Kingston Hill War Memorial


Heritage Category:
Listed Building
List Entry Number:
Date first listed:
Statutory Address:
St Paul's Church, Queen's Road, Kingston upon Thames, Surrey, KT2 7SF


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Statutory Address:
St Paul's Church, Queen's Road, Kingston upon Thames, Surrey, KT2 7SF

The building or site itself may lie within the boundary of more than one authority.

Greater London Authority
Kingston upon Thames (London Borough)
Non Civil Parish
National Grid Reference:


War memorial in the form of a tall Portland stone cross set on a plinth.

Reasons for Designation

Kingston Hill War Memorial is listed at Grade II for the following principal reasons: * Historic interest: as an eloquent witness to the tragic impact of world events on this local community, and the sacrifices it made in the conflicts of the C20; * Design: as an attractive and imposing Portland stone cross war memorial; * Group value: with the Grade II-listed St Paul's Church, Vicarage, and Garden Wall and Gate Piers.


The aftermath of the First World War saw the biggest single wave of public commemoration ever with tens of thousands of memorials erected across the country. This was the result of both the huge impact on communities of the loss of three quarters of a million British lives, and also the official policy of not repatriating the dead, which meant that the memorials provided the main focus of the grief felt at this great loss.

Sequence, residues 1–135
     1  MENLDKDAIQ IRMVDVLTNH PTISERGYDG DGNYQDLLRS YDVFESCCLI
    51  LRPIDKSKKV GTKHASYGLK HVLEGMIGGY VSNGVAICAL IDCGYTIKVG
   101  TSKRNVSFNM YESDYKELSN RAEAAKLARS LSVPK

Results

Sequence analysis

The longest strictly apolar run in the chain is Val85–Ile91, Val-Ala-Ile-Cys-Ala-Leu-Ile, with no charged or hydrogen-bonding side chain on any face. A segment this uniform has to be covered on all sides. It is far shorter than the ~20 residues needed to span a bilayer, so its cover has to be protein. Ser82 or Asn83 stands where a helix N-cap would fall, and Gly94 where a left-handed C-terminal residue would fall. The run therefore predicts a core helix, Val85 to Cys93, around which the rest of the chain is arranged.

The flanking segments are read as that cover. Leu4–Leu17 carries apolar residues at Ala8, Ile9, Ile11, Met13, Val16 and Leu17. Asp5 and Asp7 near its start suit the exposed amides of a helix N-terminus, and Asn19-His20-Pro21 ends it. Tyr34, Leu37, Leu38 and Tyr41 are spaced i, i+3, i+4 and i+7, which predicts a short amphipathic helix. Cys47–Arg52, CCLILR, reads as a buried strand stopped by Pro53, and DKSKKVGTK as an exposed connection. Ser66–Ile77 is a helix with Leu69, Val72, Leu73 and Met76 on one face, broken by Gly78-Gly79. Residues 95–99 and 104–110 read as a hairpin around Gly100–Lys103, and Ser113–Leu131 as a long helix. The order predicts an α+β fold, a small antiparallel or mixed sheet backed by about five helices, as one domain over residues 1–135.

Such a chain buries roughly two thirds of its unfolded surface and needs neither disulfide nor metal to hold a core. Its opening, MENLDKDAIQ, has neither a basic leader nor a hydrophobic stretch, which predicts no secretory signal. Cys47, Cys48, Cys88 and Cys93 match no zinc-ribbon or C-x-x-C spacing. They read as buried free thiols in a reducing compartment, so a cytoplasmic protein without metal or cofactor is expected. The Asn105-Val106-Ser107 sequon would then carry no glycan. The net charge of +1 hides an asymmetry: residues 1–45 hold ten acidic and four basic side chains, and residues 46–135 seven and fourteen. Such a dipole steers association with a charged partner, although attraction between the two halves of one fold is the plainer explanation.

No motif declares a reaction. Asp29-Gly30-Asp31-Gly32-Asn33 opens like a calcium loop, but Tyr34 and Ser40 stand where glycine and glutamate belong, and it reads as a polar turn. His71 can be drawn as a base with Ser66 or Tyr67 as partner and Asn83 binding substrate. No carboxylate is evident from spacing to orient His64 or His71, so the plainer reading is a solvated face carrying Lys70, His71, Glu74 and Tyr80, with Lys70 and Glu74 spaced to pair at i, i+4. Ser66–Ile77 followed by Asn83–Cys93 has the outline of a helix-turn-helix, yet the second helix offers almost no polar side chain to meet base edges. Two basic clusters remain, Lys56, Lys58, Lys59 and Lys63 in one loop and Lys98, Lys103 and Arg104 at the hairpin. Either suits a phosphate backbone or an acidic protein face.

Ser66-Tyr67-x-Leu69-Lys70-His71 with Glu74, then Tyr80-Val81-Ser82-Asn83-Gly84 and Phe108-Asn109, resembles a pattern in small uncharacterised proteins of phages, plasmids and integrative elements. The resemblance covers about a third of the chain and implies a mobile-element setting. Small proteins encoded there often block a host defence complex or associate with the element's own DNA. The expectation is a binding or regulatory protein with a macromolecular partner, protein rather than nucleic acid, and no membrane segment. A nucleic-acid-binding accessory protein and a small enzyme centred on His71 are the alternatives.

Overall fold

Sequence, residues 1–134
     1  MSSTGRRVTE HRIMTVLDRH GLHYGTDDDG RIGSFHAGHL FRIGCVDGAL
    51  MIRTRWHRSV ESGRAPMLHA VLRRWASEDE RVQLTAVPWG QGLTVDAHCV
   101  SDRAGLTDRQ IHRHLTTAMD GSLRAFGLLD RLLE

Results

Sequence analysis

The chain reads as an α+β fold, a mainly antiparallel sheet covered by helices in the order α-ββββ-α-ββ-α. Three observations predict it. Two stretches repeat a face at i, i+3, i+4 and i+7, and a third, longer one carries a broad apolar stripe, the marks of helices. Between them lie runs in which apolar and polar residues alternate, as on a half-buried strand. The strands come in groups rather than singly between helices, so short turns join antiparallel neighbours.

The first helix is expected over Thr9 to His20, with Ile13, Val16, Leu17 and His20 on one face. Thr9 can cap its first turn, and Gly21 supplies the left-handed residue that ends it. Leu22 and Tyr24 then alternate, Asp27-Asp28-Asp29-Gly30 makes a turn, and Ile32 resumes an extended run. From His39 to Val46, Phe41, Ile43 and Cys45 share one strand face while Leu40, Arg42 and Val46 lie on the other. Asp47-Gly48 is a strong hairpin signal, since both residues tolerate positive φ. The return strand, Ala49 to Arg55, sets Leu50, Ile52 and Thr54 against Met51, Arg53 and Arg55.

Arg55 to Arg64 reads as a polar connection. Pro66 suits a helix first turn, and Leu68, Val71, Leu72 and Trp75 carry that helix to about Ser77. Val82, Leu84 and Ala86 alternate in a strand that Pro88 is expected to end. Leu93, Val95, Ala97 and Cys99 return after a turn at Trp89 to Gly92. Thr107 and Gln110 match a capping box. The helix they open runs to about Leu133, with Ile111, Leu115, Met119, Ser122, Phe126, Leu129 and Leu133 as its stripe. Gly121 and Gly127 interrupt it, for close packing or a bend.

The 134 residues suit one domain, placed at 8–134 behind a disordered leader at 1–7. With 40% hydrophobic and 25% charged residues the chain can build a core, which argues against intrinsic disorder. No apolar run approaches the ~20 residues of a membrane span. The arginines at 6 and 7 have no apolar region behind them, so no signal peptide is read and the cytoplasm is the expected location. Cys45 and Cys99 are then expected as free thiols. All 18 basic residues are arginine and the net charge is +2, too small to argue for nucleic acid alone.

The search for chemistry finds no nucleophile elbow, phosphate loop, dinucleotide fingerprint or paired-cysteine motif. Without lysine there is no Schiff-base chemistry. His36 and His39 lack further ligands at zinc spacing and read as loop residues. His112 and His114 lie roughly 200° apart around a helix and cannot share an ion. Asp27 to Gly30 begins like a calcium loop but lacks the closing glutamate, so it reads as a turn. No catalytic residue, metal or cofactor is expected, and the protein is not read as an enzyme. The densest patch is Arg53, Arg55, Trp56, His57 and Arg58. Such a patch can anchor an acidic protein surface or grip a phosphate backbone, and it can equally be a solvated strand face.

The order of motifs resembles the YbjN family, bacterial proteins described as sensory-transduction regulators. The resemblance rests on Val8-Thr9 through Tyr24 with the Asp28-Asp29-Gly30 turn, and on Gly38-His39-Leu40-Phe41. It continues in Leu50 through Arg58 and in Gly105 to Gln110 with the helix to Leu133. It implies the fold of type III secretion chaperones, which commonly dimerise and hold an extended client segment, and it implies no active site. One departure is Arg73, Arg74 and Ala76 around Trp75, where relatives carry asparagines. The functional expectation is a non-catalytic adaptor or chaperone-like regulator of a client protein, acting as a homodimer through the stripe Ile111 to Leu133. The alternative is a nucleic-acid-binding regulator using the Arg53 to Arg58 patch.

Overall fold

One such memorial was raised at St Paul's Church, Kingston Hill as a permanent testament to the sacrifices made by the members of the local community who lost their lives in the First World War. It was constructed by Messrs Keates and Co of Liverpool Road, Norbiton and unveiled by one Colonel Clay in a ceremony held on 22 June 1922. Also in attendance were the Vicar of St Paul's Rev ES Shuttleworth, Canon Hasloch Potter, the Bishop of Kingston the Right Rev PM Herbert, the Mayor of Kingston William Evelyn St Lawrence Finny and his wife, the Deputy Mayor Alderman G Huckle, the Town Clerk Mr HA Winser, various other local councillors and dignitaries, and a large crowd of local residents.

An additional inscription was added at some point after the Second World War.


Portland stone cross atop a tall shaft, the bottom of which is decorated with carvings of shields representing the Home Nations. This splays outwards onto a plinth with buttresses to each corner, the front face of which bears the (partially eroded) inscription: "May the Peace of God / rest upon the Men / & Women of this Parish and Church / who gave their lives / for their country / AD 1914 - 1918 / 1939 - 1945 / They counted not their / lives dear unto themselves." The other three faces bear the names of the Fallen. The plinth's buttresses each bear carvings of various regimental symbols and insignia; the plinth stands on an octagonal platform, which also carries various flower pots dedicated to individual soldiers who fell in the Second World War.

This List entry has been amended to add the source for War Memorials Online. This source was not used in the compilation of this List entry but is added here as a guide for further reading, 20 July 2017.


War Memorials Online, accessed 20 July 2017 from
War Memorials Register, accessed 14 March 2017 from


This building is listed under the Planning (Listed Buildings and Conservation Areas) Act 1990 as amended for its special architectural or historic interest.

End of official listing

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